Excellency, the demonstrations attest that the people of Iran, the children of the revolution, will accept your rule no more. Your regime is no longer able to exercise sovereignty over the Iranian people without the recourse to violence, extreme violence. I urge you to recognize that Iran is now undeniably at a crossroads: either the will of the people is accepted and a peaceful transition to democracy is achieved, or you plan to respond to these protests by launching a bloodbath, which will cause unprecedented chaos in Iran. Ask yourself: Can a regime that is hated and rejected by a huge majority of the population transform itself into a democratic administration that recognizes the rule of law? Has it ever in history been possible for a political transition to take place peacefully and without the shedding of blood?

The surprising answer is yes, it has been done. The Apartheid regime was also despised by the majority. And that regime was an extremely violent regime. Even so, South Africa chose for a peaceful transition under the brilliant leadership of Nelson Mandela. They negotiated to guarantee the interests (including security and property rights) of the ruling minority. At the same time, they discussed and developed a transitional constitution. This model, called Negotiating Justice, is founded on human rights and the principle of democracy. What happened in South Africa, a country torn apart by hatred and violence, can happen in Iran too.

Excellency, everything depends in the end on the will of the political leader. On you. You may, like De Klerk, the former president of South Africa, decide to create an opportunity for transition; or you may, as you have done in the past, choose to suppress the will of the people with violence. But I urge you to consider that millions of Iranians trust Mousavi. In the latest election, it was not Ahmadinejad but Mousavi who won. He could play the role that Mandela played in the peaceful transition in South Africa. If you give him that chance.

Naturally, people will ask what will happen to those who perpetrated the crimes against humanity, the mass executions that were committed in the name of the Islamic state. Here the precedent set by the Truth and Reconciliation Commission in South Africa provides a possible solution. The will of the people need not end in bloodshed. The United Nations could play a crucial role. The organization has considerable experience in what is known as Transitional Justice. UN Secretary General Ban Ki Moon should discuss this with the Security Council. Would this be an infringement of Iranian sovereignty? No.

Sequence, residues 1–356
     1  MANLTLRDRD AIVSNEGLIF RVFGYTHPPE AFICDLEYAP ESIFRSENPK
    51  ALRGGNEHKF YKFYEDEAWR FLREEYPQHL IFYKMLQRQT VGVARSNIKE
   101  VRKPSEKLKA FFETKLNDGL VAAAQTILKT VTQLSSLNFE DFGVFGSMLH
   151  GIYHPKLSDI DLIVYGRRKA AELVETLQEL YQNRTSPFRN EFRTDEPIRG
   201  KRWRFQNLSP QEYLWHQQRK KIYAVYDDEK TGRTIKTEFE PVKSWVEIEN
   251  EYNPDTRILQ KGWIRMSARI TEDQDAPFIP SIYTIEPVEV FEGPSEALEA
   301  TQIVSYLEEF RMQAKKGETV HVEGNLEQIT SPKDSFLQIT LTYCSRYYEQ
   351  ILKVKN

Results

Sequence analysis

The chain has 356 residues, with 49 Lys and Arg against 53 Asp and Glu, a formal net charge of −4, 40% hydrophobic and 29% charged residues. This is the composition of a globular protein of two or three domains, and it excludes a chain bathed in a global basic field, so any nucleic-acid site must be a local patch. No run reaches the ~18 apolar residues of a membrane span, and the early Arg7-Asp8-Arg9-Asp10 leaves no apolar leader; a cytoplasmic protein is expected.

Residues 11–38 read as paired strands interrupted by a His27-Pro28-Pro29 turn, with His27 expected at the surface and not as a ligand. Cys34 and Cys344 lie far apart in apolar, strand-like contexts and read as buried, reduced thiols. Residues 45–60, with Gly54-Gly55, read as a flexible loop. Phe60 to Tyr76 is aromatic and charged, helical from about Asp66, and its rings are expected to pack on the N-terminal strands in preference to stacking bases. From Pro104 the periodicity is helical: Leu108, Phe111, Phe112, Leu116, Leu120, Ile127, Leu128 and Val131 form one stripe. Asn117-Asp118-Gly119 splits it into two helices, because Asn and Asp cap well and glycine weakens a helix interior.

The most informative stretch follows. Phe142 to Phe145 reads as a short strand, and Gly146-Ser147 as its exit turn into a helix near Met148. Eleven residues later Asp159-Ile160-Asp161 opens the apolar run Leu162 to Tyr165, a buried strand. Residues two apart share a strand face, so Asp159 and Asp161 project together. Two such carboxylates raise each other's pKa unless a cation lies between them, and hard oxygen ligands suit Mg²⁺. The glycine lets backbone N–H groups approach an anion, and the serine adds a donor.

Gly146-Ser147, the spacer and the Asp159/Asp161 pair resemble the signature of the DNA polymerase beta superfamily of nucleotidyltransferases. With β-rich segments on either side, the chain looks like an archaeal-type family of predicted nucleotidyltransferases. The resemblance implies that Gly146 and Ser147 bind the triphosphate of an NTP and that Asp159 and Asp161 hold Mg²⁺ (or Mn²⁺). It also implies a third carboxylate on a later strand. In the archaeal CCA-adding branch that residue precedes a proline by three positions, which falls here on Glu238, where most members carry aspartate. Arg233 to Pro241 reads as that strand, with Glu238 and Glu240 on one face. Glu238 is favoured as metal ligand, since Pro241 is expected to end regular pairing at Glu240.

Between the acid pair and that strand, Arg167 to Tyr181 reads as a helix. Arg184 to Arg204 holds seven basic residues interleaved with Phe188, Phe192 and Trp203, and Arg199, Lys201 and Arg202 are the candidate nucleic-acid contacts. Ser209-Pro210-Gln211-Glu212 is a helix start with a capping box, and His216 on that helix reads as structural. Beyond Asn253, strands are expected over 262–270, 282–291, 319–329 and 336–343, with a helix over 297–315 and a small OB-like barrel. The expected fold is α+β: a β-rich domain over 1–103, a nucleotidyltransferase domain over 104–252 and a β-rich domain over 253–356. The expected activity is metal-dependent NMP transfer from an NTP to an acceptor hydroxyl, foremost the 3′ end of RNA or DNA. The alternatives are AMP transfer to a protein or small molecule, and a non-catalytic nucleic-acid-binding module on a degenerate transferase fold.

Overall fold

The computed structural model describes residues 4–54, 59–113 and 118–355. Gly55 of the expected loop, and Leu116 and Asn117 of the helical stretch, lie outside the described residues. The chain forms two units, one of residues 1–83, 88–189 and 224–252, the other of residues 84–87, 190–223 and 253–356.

Excellency, even you have your doubts about the declared outcome of that election since you have ordered the poll to be investigated. The mass demonstrations in the cities of Iran show that the desire of the Iranian people is for political transition.

Why should the UN Security Council concern itself with the Iranian question? Because an Iran dominated by violent internal conflict is a threat to regional peace and security and a threat to the people of Iran themselves. Furthermore, without the outcome of this conflict secured, the existence of advanced missiles and enriched radioactive material poses a severe threat to international peace and security. It is up to the United Nations to persuade you, if you fail to realize yourself, that a peaceful transition is possible. In the end it is Iranians, including Iranians living abroad, who must make this change happen.

Excellency Khamenei, you and I know that no tyranny has ever succeeded in creating a political system that lasts. Your advisors have been misinforming you these past years. They have made you deaf and blind to what is really happening. The truth is that the ruling elite is despised by the people. Your puppet Ahmadinejad, who likes to appeal to Iranians in populist terms, is reviled. If you continue to use violence against your people, then you have obviously learned nothing from the tragic fate of the last shah of Persia.

The mothers of the members of my family who were executed will not forgive you. But they will let you withdraw peacefully, for the sake of freedom and the peace of their grandchildren. Time is pressing for the Iranian people, and for the international community. I wish you wisdom and peace,


Afshin Ellian

Prof. Dr. Afshin Ellian was born in Tehran. He teaches Philosophy of Law at Leiden University, Netherlands. He has written his PhD thesis on the South African Truth and Reconciliation Commission and the role it played in the years of political transition. His article “Monotheism as a Political Problem: Political Islam and the Attack on Religious Equality and Freedom” appeared in Telos 145 (Winter 2008).